“It seizes ancient folk traditions and hurls them forward into the modern age, but without letting go of the intense devotion to the centuries-old well-springs of inspiration that gave birth to this record. I do think it’s impossible not to be moved in some significant degree by this fervent music, and likely that most listeners will simply be swept aloft and carried away, as I’ve been.

“Abundantly layered with a broad array of instrumentation, both modern and ancient, and featuring a similar contrasting hybrid of vocal expressions, the music weaves with rich colors a great tapestry of human endeavor, both exalted and humble, mythic yet also grounded in ancient soil, nourished with spilled blood and watered with tears. The sounds are joyful, capturing the buoyancy of whirling peasant dances, and they also channel visions of dramatic panoramic grandeur and epic tragedy. The album is a beautifully conceived and meticulously executed work, thrilling in the moment and lasting in the memory.”

I had no doubt I would include a track from the album on this list, and the one I chose (not an easy choice) was “Passage dans la Douves“. I’ll again borrow from what I wrote last year:

Passage dans les Douves” is a glorious, fiery, heart-pumping dance whose bright, rippling riffs whirl us up in the air. And again, we’re treated to the dulcet tones of a darting, sun-dappled acoustic guitar melody and the sublime pulse of a lilting flute harmony, before we’re caught up in the dance again, the electrifying guitar melody resembling a devilish reel, like bagpipes and fiddle at an old-country peasant celebration — high up in the clouds.”










To close today’s installment I’ve chosen a song from Hic Regnant Borbonii Manes, the third album by the French band Sühnopfer. It’s easily one of the longest songs on this list, and a rarity for that, because long-form songs don’t easily earn an adjective like “infectious”. The song I chose, “L’Hoirie de mes Ancestres“, happens to be another one we premiered in advance of the album’s release, which happily gives me the chance again to quote myself:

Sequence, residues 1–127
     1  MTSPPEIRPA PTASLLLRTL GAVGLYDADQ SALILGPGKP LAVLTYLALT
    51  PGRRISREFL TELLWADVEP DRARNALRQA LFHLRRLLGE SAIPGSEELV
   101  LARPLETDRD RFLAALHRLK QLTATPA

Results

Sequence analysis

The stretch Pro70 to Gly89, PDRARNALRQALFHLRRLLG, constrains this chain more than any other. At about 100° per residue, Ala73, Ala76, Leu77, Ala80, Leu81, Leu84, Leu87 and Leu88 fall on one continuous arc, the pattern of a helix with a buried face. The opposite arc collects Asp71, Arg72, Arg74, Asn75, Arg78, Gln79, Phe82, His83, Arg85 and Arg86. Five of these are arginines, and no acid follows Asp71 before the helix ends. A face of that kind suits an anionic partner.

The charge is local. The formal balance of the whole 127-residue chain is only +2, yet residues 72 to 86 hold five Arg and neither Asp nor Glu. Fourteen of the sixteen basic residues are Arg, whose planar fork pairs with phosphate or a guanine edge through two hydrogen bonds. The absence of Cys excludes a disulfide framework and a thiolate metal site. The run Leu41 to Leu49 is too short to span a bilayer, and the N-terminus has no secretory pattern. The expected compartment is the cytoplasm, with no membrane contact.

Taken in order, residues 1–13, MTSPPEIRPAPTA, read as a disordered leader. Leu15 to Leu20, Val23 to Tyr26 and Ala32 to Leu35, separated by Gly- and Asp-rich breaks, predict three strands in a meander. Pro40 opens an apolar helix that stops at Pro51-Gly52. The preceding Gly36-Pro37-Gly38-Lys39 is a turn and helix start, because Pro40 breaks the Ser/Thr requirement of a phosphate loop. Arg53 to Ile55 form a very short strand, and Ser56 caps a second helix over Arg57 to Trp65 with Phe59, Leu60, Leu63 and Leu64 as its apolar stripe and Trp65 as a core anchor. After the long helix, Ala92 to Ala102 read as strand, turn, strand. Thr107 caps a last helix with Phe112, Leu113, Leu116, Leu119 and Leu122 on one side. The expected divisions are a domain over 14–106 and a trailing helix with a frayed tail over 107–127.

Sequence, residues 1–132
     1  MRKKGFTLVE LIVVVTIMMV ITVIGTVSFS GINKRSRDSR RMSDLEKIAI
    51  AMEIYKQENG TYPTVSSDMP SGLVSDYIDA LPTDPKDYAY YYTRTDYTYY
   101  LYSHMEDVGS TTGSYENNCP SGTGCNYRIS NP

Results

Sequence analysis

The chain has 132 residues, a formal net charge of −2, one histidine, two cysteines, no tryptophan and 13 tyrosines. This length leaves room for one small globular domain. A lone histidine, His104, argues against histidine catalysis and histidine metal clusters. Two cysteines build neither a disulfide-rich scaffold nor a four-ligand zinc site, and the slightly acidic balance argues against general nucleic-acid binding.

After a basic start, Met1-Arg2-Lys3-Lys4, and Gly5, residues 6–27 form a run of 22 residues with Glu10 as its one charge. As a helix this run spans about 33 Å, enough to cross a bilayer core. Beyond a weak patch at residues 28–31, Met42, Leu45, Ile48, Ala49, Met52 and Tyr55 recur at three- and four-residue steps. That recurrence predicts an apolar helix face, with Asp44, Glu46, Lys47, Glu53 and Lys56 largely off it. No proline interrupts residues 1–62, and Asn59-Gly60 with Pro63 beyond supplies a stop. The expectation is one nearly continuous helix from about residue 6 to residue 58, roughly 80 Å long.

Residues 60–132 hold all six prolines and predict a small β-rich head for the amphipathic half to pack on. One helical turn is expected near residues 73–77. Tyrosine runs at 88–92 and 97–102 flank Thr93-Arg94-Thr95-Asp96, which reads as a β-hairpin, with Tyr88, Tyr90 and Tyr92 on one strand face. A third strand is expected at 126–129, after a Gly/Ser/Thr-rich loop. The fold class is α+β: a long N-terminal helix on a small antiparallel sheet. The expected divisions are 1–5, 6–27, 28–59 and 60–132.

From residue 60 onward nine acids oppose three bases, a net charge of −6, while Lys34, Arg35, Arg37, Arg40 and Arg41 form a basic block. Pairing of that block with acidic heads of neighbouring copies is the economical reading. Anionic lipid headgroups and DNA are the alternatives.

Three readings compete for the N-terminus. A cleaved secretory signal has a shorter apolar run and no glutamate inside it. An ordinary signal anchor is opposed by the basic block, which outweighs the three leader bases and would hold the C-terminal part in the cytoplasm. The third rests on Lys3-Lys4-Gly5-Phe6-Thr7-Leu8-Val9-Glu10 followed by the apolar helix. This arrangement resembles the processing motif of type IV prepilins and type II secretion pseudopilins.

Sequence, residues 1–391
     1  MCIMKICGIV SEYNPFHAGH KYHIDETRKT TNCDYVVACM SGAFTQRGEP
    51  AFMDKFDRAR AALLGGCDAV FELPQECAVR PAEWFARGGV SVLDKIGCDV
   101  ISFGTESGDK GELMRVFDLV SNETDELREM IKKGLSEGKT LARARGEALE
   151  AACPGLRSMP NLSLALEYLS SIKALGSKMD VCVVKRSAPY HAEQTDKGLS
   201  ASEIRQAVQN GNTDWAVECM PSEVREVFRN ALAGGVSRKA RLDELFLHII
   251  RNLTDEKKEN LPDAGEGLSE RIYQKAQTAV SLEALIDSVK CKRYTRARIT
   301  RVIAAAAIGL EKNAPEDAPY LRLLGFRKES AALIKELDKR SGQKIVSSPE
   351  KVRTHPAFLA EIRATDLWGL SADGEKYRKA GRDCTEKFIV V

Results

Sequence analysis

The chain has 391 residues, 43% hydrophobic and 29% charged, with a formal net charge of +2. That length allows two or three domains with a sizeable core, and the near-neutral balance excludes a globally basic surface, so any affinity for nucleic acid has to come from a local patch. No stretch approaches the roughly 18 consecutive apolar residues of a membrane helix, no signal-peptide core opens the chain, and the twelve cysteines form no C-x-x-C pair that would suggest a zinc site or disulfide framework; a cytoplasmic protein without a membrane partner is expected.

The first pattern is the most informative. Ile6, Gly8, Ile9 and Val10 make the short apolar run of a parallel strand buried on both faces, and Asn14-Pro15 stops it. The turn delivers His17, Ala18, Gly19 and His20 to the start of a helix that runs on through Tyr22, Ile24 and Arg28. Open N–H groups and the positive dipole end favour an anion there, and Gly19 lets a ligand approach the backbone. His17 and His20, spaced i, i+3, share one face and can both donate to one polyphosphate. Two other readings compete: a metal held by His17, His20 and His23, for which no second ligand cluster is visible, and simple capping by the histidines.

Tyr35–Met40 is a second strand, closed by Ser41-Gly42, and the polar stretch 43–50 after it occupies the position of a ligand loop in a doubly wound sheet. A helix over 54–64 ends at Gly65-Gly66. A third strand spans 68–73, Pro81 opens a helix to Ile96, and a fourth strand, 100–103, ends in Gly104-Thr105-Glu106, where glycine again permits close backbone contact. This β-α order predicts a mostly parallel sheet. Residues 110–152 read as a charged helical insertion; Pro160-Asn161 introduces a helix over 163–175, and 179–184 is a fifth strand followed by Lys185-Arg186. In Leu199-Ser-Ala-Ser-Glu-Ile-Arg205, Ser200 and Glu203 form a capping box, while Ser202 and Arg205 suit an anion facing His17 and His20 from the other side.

“There are both instrumental and melodic accents in the music on the album which seem to ring across many centuries, catapulted from a much earlier era into our day as if riding the trails of meteors. Such accents and influences will be evident when you listen to “L’Hoirie de mes Ancestres“, and their charms are not lost despite the fact that the song as a whole is a raging wildfire.

“This track really is breathtaking in the explosiveness of its energy and the extravagance of the instrumental virtuosity on display. The constantly changing drumwork in particular is simply jaw-dropping, and the rapidly whirling fretwork is just as fast and agile. The music is gloriously fiery, and yet the melodies manage to be yearning and anguished in their emotional resonance as well as ebullient. As if the music alone weren’t intense enough, the throat-lacerating, mind-melting quality of the vocal attack is a senses-scalding experience.

“Within this torrential surge of sound there are a couple of moments when the storm briefly abates, just long enough for rippling and dancing classical guitar notes to throw you off balance, but not long enough to replenish your winded lungs. The music is also occasionally segmented by bursts of pounding bass and majestic fanfares, and near the end the drumming becomes less off-the-hook, allowing the melody to swirl and ring for a few moments before a last bonfire of exuberance, and the sound of Ardraos‘ wild cries.”





  1. That Sunhopfer song is brilliant. Satan bless you – I would’ve missed it.